The lockdown measures implemented to help combat the spread of Covid-19 have led to sizeable changes within planning departments. Case officers are working from home and site visits have been suspended, factors which could understandably deter homeowners from submitting new applications for projects.
But could this actually be the best time to apply for planning permission to build an extension, or remodel a home?
Delays responding to major project applications have been observed, and some applications have reportedly become harder to process due to planning committees being unable to meet in person and determine applications in the normal way (although virtual committees have taken place in recent weeks). This means that planning officers, in some instances, have more time to focus on smaller applications.
Aspiring extenders and remodelers across the UK could yet make the most of this situation, so we asked homebuilding experts if now is in fact the optimal time to apply to remodel or build an extension.
Do Planning Officers Have More Time Available?
Planning committees normally have to meet in person to discuss major projects, reviewing any objections or problems with an application. Despite the launch of virtual committees, experts agree that there is likely to be delays in some decisions.
“These delays could leave planners with more time to determine minor applications, including most homeowner applications,” says Michael Holmes, director of content at Homebuilding & Renovating. “Most minor applications are dealt with under delegated powers and so do not go to planning committees.”
Paul Testa from Paul Testa Architecture agrees that the possible delays favourably impact those applying for smaller projects. Testa told Homebuilding & Renovating: “What we are hearing is that generally for big schemes getting planning permission is less clear-cut, but for smaller schemes like extensions and remodels, case officers don’t have many consultees to deal with.
“Planning officers aren’t able to deal with their normal consultees in the same way, so they’ve actually got a bit more time to be empowered to make decisions quickly, to clear the smaller jobs off their desk.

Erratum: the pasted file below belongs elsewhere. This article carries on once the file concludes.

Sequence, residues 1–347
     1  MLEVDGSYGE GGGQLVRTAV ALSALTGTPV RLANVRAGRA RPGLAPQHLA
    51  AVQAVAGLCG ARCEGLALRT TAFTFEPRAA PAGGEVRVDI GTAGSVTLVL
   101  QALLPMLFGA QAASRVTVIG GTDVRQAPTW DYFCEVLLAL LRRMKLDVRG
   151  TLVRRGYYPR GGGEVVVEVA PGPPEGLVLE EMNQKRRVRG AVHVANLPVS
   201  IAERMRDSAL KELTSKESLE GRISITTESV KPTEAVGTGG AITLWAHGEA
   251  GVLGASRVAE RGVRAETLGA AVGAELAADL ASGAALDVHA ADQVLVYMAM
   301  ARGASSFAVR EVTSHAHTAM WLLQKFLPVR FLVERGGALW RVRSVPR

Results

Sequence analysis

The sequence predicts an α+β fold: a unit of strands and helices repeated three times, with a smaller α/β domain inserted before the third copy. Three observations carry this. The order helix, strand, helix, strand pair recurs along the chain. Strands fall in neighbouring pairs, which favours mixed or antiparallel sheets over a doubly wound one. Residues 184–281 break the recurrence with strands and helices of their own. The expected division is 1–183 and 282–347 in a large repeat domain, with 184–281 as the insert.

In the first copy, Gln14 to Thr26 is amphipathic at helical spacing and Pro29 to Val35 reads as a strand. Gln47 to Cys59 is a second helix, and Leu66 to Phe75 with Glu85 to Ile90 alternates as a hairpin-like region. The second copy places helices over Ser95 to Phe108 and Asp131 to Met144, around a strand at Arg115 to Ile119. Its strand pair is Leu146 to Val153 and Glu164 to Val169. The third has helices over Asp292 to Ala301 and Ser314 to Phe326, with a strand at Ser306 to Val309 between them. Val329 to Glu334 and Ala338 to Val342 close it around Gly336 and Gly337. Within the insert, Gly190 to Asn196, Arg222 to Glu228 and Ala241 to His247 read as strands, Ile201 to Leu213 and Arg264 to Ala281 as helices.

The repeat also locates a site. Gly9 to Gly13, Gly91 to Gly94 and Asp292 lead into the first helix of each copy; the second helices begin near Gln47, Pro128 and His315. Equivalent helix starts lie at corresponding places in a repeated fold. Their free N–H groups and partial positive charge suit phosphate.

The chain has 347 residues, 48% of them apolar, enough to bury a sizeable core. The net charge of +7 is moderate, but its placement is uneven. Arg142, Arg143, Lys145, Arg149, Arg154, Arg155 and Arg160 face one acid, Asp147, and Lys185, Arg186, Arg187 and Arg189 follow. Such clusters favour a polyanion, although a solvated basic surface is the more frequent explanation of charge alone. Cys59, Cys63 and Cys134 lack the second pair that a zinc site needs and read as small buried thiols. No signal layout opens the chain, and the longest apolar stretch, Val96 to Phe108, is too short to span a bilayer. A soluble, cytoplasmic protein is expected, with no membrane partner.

“Providing highways issues aren’t a factor, then now is the best time to submit a planning application in most locations.”
Merry Albright, Creative Director at Border Oak Design & Construction, adds that planning officers could be incentivised to approve smaller schemes.
“Extensions and remodelling applications should be taking less time to review because the government has issued advice saying that these are the applications that should be going through,” she told Homebuilding & Renovating. “Unless there is a specific reason for an applicant being rejected, right now there’s no reason for an officer to delay these applications.”
Holmes urges caution, however. “For homeowners, this could be a double-edged sword, as case officers with a reduced workload could pay greater scrutiny to even minor applications.
“Moreover, the reality for most planners is that they have been hugely understaffed and overstretched in recent years, so a reduced workload would just mean a more manageable workload.”
What Should Extenders and Remodelers Do?
The first thing you should do, Albright says, is look at whether you definitely need formal planning approval. There are many changes you can make using Permitted Development, which grants rights to enable homeowners to undertake certain types of work without the need to apply for planning permission.
“You don’t always need planning permission to extend. If you’re right at the beginning of the process, investigate whether you need formal approval. There are lots of things you can do without need to file an application,” she says.